The founders of ViVOtech are vocal proponents of the value proposition for contactless payments. They have staked their company’s future on it. But from their participation in a number of high-profile mobile payment trials they found that the typical value proposition had a weak spot. Full service restaurants with table service didn’t like the idea of contactless payments–because they did not want their staff to take possession of a diner’s keys or cell phone to initiate a contactless payment back at the point of sale (POS) device. And you can bet the diner wouldn’t like this either.
So ViVOtech created a new product to enable contactless payments to be accepted at the table without requiring the customer to hand over the card, phone, or key chain. Called ViVOpay Dine, the handheld device captures the information from the contactless card and holds it until it is transferred again to the ViVOpay-equipped POS unit. And, the data held in the unit is encrypted and can only be accessed and read by a ViVOpay unit, thus ensuring that a misplaced or stolen unit cannot compromise card information.
How does a transaction work? At the table, the customer taps the card or phone on the handheld ViVOpay Dine unit. The waiter then takes the ViVOpay Dine unit to the POS device at the counter and presses a button to transfer the card information to the ViVOpay base unit. The base unit is connected to the existing POS which sends the card information to the payment network just as it would with a swiped magnetic stripe card.
A key element to the original ViVOpay system is its ability to enable contactless payments at nearly any existing magnetic stripe-capable POS unit. With limited software reconfiguration, a ViVOpay unit can be attached via serial connection. With no software modification, the unit can be attached directly to the magnetic stripe read head by slipping a mylar strip into the card swipe slot. The merchant’s existing POS unit believes that it is receiving data via a magnetic stripe rather than a contactless token. These units have been deployed as a part of the MasterCard PayPass trials in Orlando and Dallas as well as at a number of other mobile payment trials.
Most proponents of contactless payments focus on the importance of the quick-service restaurant market. Mohammed Khan, President & COO of ViVOtech, is no exception. However, he is quick to add that all for a payment technology to gain widespread acceptance it must be ubiquitous. He stresses, “clearly to make the (contactless payment) solution widely used, we must have it used in a wide variety of environments. The full service restaurant market requires a solution like this one.”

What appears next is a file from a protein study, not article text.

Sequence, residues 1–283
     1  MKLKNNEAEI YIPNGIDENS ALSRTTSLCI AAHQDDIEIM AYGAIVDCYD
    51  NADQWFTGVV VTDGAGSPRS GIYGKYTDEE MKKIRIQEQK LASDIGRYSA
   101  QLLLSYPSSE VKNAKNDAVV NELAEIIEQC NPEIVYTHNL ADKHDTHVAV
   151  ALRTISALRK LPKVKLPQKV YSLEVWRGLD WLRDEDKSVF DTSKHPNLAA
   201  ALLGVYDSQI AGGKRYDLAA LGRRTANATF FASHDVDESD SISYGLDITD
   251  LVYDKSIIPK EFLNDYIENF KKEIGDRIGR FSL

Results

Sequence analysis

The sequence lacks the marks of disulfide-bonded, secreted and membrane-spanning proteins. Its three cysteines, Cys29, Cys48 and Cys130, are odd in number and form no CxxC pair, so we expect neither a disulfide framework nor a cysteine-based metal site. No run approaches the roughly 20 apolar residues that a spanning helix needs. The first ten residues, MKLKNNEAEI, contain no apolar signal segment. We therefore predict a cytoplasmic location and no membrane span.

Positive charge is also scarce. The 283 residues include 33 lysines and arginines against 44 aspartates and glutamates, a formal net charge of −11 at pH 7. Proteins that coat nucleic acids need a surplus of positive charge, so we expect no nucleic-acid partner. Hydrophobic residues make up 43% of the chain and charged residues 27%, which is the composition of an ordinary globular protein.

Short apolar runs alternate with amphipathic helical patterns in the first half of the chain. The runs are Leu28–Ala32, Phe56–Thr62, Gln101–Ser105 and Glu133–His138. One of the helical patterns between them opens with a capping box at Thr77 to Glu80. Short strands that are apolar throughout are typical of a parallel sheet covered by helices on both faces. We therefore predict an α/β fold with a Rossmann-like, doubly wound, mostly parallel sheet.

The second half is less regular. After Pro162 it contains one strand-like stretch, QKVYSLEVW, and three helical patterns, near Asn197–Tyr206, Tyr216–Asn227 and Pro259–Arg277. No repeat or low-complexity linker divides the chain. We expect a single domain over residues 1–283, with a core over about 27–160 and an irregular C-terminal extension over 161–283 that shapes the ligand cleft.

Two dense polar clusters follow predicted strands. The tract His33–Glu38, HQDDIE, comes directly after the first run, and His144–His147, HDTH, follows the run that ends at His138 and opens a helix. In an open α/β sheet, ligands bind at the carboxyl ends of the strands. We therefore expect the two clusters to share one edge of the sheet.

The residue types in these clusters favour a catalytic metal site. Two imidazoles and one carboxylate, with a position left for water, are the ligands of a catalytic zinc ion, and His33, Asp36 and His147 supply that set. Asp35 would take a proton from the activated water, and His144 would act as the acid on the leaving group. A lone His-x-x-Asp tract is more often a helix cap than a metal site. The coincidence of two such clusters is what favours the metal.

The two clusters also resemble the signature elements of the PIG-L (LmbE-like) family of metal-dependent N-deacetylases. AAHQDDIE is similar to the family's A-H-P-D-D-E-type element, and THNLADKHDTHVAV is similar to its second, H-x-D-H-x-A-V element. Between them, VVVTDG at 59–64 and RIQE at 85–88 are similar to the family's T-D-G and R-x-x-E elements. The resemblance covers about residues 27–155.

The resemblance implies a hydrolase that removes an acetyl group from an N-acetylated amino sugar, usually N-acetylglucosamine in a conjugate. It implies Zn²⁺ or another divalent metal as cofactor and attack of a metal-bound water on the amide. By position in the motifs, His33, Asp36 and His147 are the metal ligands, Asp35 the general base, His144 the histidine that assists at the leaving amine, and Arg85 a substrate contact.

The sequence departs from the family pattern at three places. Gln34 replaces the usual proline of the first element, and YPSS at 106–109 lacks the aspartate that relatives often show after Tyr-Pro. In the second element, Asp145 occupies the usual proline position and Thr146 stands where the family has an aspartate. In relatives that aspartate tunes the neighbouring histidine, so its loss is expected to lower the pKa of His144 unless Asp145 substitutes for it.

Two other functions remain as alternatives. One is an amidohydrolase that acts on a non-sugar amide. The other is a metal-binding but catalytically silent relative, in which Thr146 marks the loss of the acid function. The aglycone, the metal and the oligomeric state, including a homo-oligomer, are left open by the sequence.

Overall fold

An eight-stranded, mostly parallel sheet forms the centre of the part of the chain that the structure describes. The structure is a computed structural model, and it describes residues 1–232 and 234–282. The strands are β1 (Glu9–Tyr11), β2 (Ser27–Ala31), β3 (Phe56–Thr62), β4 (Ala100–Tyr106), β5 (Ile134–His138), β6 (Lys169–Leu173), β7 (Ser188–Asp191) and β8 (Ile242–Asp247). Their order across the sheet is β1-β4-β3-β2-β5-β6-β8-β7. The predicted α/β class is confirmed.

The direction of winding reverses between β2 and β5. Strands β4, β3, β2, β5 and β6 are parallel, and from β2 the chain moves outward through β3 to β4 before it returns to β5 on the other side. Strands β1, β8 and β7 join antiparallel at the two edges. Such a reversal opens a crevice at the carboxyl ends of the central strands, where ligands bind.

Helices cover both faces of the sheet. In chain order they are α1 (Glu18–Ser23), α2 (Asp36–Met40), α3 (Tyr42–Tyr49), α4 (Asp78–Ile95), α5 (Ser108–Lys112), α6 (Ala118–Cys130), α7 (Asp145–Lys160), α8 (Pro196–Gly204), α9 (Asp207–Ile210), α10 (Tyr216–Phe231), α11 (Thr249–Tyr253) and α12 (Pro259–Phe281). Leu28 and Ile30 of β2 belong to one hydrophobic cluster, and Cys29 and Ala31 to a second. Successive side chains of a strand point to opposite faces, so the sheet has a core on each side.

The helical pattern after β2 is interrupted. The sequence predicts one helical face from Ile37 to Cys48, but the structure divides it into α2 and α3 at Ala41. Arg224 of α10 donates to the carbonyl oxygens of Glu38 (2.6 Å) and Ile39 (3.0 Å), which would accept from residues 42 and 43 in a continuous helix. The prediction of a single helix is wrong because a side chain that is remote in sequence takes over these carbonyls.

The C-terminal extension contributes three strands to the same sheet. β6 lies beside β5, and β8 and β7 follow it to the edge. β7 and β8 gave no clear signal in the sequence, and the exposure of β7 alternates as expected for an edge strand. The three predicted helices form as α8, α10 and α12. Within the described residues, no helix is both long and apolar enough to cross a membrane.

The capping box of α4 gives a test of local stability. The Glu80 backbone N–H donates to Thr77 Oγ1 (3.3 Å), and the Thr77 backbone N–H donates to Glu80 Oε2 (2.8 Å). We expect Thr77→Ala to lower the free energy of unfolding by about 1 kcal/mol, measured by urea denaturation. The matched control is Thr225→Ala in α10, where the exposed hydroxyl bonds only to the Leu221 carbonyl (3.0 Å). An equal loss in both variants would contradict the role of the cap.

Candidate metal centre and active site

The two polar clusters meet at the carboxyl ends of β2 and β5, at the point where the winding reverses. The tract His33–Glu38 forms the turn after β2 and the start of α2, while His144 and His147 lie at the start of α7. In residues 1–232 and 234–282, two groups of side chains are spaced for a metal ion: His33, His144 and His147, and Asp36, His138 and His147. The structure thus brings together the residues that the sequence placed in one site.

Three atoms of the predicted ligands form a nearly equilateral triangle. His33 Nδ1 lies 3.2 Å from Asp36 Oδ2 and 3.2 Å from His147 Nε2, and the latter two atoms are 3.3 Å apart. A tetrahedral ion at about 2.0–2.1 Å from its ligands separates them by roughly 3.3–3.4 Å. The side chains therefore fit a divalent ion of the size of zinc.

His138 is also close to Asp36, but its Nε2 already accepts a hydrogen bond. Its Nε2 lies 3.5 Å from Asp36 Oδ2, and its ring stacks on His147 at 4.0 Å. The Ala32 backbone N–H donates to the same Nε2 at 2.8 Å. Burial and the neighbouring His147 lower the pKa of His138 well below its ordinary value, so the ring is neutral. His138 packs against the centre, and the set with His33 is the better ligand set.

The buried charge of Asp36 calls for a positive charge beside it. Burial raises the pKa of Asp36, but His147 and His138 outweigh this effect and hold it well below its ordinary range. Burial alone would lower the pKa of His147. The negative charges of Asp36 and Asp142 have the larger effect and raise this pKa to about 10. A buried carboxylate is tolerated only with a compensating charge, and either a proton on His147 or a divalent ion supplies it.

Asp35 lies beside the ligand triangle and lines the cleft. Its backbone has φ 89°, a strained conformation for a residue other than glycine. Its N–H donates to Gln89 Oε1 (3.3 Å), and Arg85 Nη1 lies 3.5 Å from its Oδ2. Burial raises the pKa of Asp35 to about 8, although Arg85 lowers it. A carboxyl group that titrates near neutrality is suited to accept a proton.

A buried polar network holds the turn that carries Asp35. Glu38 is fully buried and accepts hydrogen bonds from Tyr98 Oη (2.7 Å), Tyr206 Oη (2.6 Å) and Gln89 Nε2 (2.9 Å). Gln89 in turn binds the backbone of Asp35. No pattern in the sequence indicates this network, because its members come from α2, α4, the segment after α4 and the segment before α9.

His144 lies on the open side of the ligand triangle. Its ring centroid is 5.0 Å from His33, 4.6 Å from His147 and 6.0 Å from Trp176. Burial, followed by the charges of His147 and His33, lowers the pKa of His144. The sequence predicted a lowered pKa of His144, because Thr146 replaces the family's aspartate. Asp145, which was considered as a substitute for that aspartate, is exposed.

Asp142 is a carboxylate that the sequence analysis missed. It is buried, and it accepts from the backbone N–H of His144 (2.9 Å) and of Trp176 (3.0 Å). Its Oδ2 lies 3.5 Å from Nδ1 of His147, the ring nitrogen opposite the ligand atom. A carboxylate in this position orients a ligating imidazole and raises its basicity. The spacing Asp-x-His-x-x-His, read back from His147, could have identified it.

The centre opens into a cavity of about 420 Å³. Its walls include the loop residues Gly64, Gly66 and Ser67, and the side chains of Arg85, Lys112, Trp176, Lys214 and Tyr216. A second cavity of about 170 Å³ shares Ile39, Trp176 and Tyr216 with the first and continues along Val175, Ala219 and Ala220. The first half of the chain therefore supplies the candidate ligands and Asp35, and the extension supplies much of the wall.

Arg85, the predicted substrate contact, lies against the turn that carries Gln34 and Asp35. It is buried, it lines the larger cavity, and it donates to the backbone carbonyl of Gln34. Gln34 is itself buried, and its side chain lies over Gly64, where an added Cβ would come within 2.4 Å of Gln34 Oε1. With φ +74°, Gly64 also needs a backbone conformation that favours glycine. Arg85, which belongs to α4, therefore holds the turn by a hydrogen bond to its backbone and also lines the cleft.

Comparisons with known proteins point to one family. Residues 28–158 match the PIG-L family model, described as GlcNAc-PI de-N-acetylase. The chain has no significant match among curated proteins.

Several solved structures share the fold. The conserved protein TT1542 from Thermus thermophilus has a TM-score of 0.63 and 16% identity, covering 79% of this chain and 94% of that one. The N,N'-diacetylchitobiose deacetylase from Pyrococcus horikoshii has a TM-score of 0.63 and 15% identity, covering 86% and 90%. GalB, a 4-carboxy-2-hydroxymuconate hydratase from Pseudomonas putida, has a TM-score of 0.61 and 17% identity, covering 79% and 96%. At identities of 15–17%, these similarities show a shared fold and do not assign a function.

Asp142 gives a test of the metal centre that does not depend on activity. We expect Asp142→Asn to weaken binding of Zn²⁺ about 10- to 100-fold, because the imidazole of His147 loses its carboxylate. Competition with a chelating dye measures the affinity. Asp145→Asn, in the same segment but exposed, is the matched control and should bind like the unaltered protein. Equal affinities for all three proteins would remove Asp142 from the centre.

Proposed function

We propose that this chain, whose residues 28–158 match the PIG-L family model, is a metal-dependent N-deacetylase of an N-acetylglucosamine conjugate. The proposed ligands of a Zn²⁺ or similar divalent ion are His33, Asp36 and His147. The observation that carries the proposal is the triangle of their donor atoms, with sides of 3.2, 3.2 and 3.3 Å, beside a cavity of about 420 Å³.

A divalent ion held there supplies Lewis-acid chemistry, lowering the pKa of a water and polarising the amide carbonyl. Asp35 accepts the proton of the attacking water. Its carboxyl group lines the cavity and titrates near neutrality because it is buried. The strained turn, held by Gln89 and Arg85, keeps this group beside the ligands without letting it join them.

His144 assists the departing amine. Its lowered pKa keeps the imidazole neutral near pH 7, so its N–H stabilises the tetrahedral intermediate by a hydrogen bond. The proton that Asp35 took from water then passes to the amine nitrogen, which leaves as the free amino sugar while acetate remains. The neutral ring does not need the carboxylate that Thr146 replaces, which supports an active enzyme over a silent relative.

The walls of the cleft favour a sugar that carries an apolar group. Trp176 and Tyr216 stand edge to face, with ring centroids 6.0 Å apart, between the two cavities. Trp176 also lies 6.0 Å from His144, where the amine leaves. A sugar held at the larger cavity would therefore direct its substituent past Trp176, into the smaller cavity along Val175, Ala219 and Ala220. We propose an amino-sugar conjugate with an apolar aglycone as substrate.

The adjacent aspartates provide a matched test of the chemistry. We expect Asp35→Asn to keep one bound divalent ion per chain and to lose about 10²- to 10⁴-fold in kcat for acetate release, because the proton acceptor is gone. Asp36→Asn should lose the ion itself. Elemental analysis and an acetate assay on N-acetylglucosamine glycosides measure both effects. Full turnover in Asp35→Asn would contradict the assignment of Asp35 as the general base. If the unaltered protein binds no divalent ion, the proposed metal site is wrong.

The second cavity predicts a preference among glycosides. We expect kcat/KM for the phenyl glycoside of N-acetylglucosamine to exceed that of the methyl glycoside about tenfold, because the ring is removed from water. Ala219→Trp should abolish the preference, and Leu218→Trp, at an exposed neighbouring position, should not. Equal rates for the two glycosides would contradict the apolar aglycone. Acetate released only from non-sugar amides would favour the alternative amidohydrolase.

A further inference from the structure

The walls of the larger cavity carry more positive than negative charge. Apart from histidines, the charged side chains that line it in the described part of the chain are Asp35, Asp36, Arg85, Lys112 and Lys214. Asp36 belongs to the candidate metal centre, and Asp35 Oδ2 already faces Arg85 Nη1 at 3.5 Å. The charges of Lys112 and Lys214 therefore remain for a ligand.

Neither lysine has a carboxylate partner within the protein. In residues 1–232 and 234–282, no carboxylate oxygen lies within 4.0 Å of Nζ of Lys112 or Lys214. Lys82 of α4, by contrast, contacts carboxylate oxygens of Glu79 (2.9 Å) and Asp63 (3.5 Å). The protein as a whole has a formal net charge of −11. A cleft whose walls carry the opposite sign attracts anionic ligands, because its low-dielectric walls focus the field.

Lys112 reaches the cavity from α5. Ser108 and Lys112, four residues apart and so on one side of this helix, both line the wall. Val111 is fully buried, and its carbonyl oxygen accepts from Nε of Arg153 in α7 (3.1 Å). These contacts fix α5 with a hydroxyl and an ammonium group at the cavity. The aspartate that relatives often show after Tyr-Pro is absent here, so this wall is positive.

According to Jorge Fernades, ViVOtech co-founder and CEO, there are 600,000 full service restaurants and the number continues to grow. More than 33 million POS units are deployed worldwide. Mr. Fernandes reports that the initial tests in Dallas restaurants such as the popular Rockfish Grill have been extremely positive. Based on this experience, says Mr. Fernandez, “we expect to rollout in large numbers.”
He notes that payment is not the only component of the ViVOpay Dine system. Carrying and validating promotions on contactless tokens or IRenabled phones or devices could provide another merchant and diner benefit. Loyalty, frequency, or ecouponing programs enabled via a single device such as a mobile phone or keyfob could more closely tie the diner to the establishment. Say Mr. Fernandes, “as much as 80% of a restaurant’s gross sales come from repeat business.” He believes that the ViVOpay Dine technology can make this essential link tighter and more rewarding for both parties.
Certainly, ViVOtech and the rest of the contactless pundits have to be happy with the recent wave of mobile payments. Says Mr. Khan, “two of the three major players have already jumped into the field and both like (ISO) 14443 and the ViVOpay concept.” It is true that, at least in North America, the trend is certainly toward support for emulation of the existing magnetic stripe data format on a contactless token. This makes the transition easy from legacy technology to new payment technologies because the vast infrastructure of POS terminals and payment networks need not be replaced.
Plus, adds Mr. Khan, “all our products are RF and IR enabled. We remain convinced that Infrared payments from cell phones will become a big part of the future.” He believes that many of these form factors will coexist—phones, cards, key fobs. Echoes Mr. Fernandes, “at the end of the day, the payment is what the retailers love. It is here sooner than people expect, and it works far better.”